LETTERS

EARLY DAR ES SALAAM
I am in the process of conducting PhD research Into the social history of
Dar es Salaam in the colonial and post-colonial periods and am keen to contact people who lived and/or worked in the city between 1920 and 1980. I am especially interested in the administration and policing in the town, urban growth and attempts to control it; the housing sector, the development of an urban economy and workforce, and the growth of crime and petty crime, particularly activities which might be described as ‘informal sector’ ones such as illegal street trading, the manufacture and sale of alcohol, prostitution, and begging. Anyone who feels they could be of assistance please contact me on XXXX
Andrew Burton, London

THE GRUNDYS OF PANGANI
In about 1963 visits to Pangani were made special by meeting the Grundys, to enjoy their hospitality in the remarkable house they were building and to see boat building, spinning of coconut fibre, metal work and furniture making in the workshop. Major Grundy was the first registered citizen of Tanganyika and he meant to stay. Unfortunately, the business was a victim of blanket nationalisation and the Grundys left. However, when the Britain- Tanzania Study Tour visited Pangani in August 1997 several people told us of the debt the town still owes to them. Major Grundy is remembered with great affection and respect. The Independence memorial is acknowledged as his work. The workshop has been extended and is in reasonable condition although the business seems to be at a standstill. It would be good if ‘Tanzanian Affairs’ could carry a tribute to the Grundys. To that end, I am asking anyone who has information about their lives before or after Pangani to send it to me. Peter Yeo Loughborough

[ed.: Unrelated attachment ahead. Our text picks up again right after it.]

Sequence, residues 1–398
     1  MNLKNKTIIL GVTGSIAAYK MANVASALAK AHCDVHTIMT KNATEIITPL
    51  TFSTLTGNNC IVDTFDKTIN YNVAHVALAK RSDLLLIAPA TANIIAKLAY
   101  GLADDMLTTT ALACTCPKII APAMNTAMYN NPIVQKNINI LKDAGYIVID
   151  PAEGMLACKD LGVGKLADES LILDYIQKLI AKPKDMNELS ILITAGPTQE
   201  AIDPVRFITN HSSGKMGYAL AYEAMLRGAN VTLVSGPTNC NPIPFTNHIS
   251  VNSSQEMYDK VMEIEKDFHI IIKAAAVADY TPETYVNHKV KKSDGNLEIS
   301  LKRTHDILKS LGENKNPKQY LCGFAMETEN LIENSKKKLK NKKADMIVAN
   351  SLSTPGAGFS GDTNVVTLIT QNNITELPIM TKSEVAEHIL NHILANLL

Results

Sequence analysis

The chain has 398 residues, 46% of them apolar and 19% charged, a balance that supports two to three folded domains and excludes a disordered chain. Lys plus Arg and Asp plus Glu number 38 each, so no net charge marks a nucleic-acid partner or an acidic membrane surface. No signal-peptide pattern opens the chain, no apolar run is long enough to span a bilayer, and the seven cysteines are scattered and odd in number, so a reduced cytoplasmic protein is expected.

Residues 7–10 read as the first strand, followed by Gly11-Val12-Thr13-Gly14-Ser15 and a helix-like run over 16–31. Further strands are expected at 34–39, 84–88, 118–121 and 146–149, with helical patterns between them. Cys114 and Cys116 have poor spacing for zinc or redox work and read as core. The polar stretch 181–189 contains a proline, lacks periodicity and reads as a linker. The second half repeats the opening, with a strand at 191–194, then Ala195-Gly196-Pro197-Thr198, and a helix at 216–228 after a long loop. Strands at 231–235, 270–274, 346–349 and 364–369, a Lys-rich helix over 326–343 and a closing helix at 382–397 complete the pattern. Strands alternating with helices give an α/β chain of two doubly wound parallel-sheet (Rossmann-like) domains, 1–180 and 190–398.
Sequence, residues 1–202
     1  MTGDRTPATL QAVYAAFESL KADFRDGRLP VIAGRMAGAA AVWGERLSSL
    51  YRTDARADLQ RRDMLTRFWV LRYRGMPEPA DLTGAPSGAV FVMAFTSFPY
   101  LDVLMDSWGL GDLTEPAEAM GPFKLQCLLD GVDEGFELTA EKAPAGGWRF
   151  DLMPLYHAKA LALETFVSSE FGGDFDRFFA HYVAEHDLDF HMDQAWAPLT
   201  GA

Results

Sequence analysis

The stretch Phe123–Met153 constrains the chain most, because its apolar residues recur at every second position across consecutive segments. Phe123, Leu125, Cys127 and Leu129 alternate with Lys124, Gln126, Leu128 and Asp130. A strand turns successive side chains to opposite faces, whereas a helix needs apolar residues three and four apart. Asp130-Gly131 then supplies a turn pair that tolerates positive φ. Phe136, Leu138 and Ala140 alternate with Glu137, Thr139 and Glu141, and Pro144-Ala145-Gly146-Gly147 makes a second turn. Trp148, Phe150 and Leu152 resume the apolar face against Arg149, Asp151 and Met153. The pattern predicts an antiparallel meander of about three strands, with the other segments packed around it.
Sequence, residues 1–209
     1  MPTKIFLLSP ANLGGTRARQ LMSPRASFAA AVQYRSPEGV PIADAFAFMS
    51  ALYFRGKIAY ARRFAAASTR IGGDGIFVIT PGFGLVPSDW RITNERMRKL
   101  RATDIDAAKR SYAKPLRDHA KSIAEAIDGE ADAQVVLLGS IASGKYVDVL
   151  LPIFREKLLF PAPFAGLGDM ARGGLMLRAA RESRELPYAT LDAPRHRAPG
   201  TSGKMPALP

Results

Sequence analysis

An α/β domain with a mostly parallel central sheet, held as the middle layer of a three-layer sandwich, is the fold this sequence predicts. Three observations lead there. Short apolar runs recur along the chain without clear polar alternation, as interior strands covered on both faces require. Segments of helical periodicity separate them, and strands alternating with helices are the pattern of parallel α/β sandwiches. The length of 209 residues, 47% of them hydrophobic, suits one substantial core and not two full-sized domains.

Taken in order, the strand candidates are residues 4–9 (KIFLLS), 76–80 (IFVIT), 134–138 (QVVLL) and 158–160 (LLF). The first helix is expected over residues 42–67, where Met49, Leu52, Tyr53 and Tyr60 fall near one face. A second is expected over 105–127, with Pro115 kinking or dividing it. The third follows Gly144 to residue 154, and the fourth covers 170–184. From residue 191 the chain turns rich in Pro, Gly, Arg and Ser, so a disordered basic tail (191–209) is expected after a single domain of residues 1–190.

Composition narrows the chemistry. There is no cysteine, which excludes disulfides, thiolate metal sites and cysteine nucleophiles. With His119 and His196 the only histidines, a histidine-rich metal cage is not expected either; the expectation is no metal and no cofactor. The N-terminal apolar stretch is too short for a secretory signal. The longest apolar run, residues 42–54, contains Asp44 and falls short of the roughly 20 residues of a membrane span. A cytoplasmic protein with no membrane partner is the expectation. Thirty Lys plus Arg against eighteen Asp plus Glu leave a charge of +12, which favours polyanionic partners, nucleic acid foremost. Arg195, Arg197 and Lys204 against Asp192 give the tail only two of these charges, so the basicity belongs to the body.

THE GIANT TORTOISES OF ZANZIBAR
Further to your earlier news Item (TA No 57) about the giant tortoises (Geochelone gigantea) of Zanzibar, my wife and I were there in August 1997 and can now give you an update. We found that only seven adults now remain on Changuu island but they are under close surveillance and 16 new young ones have been successfully hatched. On Zanzibar itself a holding facility has been established for tortoises moved from Changuu in 1996 and other tortoises that have been seized after they were stolen from the island.

The translocation of confiscated tortoises could result in the introduction of diseases and parasites not previously present on Changuu. One of the purposes of our visit therefore was to draw up a health monitoring programme. Fortunately, professional veterinary assistance is available there from various sources but funds are needed to save the tortoises and to keep them free of disease. Those wishing to help are invited to send cheques made payable to the ‘Changuu Tortoise Account XXXX and sent to Barclays Bank, P0 Box 8, 13 Library Place, St Heller, Jersey John E Cooper, Wiltshire

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